The three revolutions (or evolutions, depending on vantage) are thus:
- Forward pass
- Offensive line allowed to extend arms and hands
- The West Coast Offense and the Cover Two counter
But the future of the NFL (according to several seminars and coaches meetings over late nights at local pubs) is going to be none of the above. The next step in the evolution of football may well be a position. The complete extinction of the FB position, the elimination of emphasis on the WR position (eliminating several WRs), and the rise of the TE, used in three TE formations.
The fear this gives to defensive coordinators, and the elevation of the game to a higher standard (looking like the original game but with the modern pass systems) is awesome.
We'll talk about it next week in an article called "Magic Three".
In the meantime, I want for folks to send me ideas for future articles. I will be addressing the questions submitted by "Make it Rain" in an article very soon, and I want to hear your ideas to.
Also, take this time to ask any questions you may have about the article or anything else related to football. No question is too simple. If you don't even understand a "basic" rule (like scoring) I'm here for you. If the question isn't an "Xs or Os" type question we have a lot of folks here that can get you an answer.
We'll move away from theory a little next week with the discussion of a specific system. We'll look at the hypothetical "Magic Three" and look at formations and plays that proceed from it.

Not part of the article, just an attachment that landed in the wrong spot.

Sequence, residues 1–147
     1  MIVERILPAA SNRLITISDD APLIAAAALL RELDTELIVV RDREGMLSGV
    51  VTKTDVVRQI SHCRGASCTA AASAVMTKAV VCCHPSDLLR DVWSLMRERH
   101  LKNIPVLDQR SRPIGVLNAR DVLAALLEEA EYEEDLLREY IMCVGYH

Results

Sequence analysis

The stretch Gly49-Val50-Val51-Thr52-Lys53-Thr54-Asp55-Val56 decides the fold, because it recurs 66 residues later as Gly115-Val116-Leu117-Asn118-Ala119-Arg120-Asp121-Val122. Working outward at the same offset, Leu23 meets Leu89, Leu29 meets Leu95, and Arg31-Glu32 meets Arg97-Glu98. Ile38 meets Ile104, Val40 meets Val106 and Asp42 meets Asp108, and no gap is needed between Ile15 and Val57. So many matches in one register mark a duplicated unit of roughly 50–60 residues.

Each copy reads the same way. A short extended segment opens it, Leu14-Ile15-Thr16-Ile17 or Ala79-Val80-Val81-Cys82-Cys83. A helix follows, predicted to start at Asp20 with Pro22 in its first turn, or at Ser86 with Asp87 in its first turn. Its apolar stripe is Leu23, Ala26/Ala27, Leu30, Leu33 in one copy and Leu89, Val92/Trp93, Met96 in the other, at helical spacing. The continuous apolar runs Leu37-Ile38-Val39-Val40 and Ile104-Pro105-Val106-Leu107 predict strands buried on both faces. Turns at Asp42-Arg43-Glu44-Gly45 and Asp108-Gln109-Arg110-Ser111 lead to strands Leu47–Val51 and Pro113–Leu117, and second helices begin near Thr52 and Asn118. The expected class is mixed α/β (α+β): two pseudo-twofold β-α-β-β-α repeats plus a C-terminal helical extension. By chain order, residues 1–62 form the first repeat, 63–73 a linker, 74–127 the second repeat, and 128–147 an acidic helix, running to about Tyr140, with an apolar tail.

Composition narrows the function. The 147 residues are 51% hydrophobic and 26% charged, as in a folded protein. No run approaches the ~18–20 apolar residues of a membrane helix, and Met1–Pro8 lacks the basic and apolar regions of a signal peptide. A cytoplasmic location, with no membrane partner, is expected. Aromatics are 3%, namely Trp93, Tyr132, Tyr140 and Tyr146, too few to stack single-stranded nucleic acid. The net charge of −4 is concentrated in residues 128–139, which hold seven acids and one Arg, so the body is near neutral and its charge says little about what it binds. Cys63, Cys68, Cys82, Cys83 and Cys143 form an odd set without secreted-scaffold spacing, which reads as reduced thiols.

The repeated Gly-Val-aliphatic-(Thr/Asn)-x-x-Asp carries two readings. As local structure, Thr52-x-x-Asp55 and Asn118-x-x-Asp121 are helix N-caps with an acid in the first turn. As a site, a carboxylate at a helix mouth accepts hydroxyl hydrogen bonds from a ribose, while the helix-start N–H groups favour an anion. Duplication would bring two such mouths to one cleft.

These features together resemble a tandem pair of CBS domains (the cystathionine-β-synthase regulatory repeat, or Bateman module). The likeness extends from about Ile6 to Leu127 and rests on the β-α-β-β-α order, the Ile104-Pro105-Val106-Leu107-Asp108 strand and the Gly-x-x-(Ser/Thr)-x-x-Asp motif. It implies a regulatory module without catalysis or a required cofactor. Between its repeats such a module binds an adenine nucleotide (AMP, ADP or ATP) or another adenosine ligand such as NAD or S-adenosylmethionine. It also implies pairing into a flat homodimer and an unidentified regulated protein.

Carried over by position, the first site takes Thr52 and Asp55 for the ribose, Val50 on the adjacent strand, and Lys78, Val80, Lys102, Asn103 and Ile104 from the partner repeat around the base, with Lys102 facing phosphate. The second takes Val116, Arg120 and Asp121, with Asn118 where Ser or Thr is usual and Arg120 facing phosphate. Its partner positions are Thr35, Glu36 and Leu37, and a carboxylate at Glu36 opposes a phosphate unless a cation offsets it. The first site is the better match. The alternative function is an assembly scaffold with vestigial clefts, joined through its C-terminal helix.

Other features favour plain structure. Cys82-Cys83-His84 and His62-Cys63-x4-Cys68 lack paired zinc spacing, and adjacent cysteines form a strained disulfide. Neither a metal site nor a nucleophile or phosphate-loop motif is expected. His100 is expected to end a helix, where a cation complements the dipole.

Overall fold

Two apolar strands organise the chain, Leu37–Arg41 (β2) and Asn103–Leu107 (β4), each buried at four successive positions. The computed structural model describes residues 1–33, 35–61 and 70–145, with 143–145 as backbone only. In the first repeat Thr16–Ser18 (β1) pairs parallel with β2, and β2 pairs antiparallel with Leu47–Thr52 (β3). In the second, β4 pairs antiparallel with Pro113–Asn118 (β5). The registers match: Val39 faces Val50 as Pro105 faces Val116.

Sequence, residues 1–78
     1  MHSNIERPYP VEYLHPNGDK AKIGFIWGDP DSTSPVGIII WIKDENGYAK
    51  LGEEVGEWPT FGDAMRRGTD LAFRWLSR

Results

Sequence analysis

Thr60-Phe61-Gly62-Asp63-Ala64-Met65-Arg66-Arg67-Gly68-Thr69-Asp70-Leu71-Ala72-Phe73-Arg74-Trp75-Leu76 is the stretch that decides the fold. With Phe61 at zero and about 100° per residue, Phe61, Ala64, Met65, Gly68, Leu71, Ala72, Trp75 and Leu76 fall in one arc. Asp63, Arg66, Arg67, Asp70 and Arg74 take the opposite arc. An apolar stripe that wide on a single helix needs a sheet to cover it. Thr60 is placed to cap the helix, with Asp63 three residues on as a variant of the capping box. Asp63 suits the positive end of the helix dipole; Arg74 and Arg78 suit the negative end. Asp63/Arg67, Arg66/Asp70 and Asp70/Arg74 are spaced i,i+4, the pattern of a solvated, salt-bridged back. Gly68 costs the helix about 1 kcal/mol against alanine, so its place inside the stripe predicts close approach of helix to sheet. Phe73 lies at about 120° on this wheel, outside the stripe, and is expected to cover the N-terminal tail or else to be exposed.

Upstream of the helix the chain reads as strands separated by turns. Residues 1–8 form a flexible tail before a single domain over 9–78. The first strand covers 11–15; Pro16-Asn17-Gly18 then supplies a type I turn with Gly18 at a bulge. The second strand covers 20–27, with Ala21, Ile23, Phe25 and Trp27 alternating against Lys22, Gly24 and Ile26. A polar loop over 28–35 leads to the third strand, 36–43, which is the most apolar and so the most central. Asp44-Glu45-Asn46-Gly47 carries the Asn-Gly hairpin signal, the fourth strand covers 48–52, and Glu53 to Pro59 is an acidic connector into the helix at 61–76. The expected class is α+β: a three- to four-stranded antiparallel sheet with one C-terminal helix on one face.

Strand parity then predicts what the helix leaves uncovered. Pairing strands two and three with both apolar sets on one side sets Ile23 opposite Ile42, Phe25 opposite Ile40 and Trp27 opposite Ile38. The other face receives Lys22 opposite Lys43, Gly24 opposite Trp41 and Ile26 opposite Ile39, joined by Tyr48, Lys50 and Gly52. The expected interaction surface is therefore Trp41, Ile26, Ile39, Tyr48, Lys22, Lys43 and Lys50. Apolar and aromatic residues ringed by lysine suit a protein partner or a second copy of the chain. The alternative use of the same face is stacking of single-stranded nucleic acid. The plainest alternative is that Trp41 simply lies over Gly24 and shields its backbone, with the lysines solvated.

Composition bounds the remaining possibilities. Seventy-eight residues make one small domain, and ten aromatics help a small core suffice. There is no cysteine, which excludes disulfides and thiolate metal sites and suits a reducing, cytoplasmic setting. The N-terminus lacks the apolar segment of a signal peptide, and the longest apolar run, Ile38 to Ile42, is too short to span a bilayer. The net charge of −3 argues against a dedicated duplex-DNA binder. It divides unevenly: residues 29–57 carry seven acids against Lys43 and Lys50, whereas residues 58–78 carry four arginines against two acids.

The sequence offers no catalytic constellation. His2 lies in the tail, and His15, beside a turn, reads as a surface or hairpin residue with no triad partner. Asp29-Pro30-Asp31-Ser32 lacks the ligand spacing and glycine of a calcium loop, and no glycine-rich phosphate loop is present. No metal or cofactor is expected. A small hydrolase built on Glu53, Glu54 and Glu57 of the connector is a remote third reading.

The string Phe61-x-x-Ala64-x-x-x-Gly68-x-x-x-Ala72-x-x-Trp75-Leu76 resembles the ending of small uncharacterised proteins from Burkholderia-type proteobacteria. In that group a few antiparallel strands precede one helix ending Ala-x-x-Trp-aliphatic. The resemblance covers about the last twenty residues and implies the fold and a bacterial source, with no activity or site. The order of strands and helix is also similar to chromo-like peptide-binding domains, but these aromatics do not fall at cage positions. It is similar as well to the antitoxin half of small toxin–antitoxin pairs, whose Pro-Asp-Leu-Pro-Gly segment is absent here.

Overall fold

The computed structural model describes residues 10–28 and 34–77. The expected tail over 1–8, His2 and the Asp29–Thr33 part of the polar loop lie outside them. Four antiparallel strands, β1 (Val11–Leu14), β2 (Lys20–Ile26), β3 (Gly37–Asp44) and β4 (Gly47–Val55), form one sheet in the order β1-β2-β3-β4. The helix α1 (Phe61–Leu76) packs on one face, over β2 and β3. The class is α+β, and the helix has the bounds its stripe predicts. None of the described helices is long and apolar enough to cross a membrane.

On the third week we will get down and dirty, addressing the kinds of things found in today's game. In addition to "Make it Rain's" suggestions, I have articles ready to rock for the subjects we discussed yesterday. These include:
- What are the mechanics of the "Bootleg Plays" as employed by the Broncos?
- What defensive system will Denver run in '08?
- Would Batman be the answer at OLB, and is there any position on the team that could be played by Chris Hanson (of Dateline NBC's "To Catch a Predator")?
- What is the "Zone Block" system? How do different teams run it, and what are the strengths and weaknesses of the scheme?
- What is the "staggered retirement" approach to building a team?
- What is the theory of "Salary Cap Hell", and how does it destroy a team for years? How is it cured?
- A pre-season special - A look at the '08 schedule and the systems run by the Denver opponents. (Not available until this summer)
- Are the raiders "evil" because they choose to be evil, or because in a non-Euclidean universe they are destined to be evil because the Broncos are the force of "good" and must be opposed to prevent a vacuum matter collapse event? (See http://en.wikipedia.org/wiki/False_vacuum#Vacuum_metastability_event)
- Cover 3 (a formation), Tampa 2 (a system), cover 2 (a system), bump and run (a technique): What makes them successful? Why do they fail? What kind of players do you need to run each of them?
- I want to know more about gap assignments and different ways defensive linemen are instructed to play by their defensive coordinators.
- I would love a brief west coast offense 101 session so I can know more of the basics about the offense that I don't already know.